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Thread: help with integrating e^-x over the interval [0,1]

  1. #1
    Junior Member LexiRae's Avatar
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    help with integrating e^-x over the interval [0,1]

    integrate e^-xdx over the interval [0,1]
    let u=?
    du= ?
    when x= 0, u=?
    when x = 1, u = ?

    thanks!
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  2. #2
    MHF Contributor red_dog's Avatar
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    $\displaystyle -x=u$

    $\displaystyle dx=-du$

    $\displaystyle x=0\Rightarrow u=0$

    $\displaystyle x=1\Rightarrow u=-1$
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  3. #3
    Senior Member
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    First, you may note that $\displaystyle \frac{d}{dx}e^x=e^x$, and therefore that $\displaystyle \frac{d}{dx}e^{kx}=ke^{kx}$ by the Chain Rule.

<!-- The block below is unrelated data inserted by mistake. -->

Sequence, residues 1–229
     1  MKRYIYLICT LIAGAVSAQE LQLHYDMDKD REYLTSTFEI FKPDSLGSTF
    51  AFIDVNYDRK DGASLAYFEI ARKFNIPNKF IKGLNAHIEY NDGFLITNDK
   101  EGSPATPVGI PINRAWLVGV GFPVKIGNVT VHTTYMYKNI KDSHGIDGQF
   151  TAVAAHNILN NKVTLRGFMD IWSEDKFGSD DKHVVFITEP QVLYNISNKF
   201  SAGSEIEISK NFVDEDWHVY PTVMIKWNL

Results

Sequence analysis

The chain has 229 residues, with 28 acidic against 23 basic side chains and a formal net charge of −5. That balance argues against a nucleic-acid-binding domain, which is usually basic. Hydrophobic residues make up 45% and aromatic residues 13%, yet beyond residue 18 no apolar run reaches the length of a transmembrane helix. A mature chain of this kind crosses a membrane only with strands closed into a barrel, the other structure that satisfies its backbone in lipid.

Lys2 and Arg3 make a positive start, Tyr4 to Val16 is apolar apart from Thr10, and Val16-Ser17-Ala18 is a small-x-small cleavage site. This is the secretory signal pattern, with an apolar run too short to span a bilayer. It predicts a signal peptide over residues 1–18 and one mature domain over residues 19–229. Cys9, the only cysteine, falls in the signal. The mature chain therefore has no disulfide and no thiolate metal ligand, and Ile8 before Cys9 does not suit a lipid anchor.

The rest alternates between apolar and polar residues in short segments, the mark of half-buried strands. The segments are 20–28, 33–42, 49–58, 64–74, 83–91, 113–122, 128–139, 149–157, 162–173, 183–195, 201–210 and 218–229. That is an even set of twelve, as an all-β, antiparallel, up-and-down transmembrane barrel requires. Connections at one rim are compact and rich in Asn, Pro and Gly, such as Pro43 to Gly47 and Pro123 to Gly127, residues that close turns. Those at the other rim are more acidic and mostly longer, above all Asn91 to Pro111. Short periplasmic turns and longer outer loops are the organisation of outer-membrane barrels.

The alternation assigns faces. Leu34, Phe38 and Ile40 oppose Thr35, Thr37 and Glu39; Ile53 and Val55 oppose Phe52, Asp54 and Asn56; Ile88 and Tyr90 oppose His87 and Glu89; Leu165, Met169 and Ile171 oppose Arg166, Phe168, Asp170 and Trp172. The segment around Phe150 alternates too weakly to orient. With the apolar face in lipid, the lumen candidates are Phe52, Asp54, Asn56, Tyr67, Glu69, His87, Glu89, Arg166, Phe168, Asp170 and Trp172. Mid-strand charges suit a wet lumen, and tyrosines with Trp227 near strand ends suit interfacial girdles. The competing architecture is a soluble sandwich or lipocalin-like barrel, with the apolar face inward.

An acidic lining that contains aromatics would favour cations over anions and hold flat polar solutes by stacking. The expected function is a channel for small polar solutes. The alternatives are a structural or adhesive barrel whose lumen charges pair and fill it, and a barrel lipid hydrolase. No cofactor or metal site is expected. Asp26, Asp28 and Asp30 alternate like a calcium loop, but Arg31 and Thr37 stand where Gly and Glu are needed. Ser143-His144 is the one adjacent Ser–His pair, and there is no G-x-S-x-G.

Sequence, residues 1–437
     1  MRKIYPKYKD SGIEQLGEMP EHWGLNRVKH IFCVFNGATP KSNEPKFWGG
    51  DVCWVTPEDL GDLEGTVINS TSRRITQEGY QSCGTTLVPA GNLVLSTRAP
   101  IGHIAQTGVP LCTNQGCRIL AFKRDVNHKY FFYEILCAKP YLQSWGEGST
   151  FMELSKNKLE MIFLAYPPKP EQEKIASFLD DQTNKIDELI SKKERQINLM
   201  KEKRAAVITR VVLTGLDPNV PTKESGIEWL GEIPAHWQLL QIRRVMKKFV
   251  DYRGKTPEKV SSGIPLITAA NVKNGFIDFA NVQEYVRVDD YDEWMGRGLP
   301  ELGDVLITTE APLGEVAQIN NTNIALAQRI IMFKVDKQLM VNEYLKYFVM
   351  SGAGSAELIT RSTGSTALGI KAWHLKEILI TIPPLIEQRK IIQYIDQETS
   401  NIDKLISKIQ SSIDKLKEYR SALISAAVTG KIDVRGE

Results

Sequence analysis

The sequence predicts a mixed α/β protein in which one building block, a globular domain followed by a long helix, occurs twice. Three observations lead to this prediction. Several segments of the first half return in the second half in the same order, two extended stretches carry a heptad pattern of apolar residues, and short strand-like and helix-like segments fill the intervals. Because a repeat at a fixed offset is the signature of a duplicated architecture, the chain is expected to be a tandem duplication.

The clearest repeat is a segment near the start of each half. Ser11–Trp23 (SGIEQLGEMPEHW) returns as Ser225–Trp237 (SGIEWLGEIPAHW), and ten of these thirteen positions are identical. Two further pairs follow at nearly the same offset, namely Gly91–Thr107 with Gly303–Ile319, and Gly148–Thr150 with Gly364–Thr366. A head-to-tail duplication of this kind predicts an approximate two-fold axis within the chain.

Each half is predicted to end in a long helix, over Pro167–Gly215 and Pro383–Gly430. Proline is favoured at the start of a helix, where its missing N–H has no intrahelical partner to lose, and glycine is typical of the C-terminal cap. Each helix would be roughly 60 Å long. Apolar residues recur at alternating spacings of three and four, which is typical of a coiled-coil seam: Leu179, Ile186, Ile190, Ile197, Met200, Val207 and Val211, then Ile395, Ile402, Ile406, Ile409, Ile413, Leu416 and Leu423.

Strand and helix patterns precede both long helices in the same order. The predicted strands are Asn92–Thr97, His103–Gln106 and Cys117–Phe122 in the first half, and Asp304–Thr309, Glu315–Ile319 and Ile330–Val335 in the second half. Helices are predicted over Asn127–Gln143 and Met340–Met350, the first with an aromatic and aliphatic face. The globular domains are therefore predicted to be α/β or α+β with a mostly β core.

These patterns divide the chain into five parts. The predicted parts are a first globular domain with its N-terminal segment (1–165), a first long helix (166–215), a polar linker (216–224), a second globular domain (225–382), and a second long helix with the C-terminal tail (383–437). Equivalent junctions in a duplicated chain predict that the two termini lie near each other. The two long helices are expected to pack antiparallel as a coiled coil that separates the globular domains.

When $\displaystyle k=-1$ and $\displaystyle f'(x)=e^{-x}$, we want the derivative $\displaystyle f'(x)$ to end up with the positive coefficient $\displaystyle 1$ instead of $\displaystyle -1$. To do this, we add a $\displaystyle -1$ as a coefficient to the antiderivative so that we will end up with $\displaystyle 1$:

    $\displaystyle \begin{aligned}
    \frac{d}{dx}(-1)e^{-x}&=\frac{d}{dx}(-1)e^{(-1)x}\\
    &=(-1)\frac{d}{dx}e^{(-1)x}\\
    &=(-1)(-1)e^{(-1)x}\\
    &=1\cdot e^{(-1)x}\\
    &=e^{(-1)x}\\
    &=e^{-x}.
    \end{aligned}$

    The general antiderivative is therefore $\displaystyle f(x)=(-1)e^{-x}+C=-e^{-x}+C$.

    Alternatively, we could let

    $\displaystyle
    \begin{aligned}
    u&=-x\\
    du&=-dx
    \end{aligned}$

    to obtain

    $\displaystyle -\int_0^{-1} e^u\,du =\int_{-1}^0 e^u\,du.$
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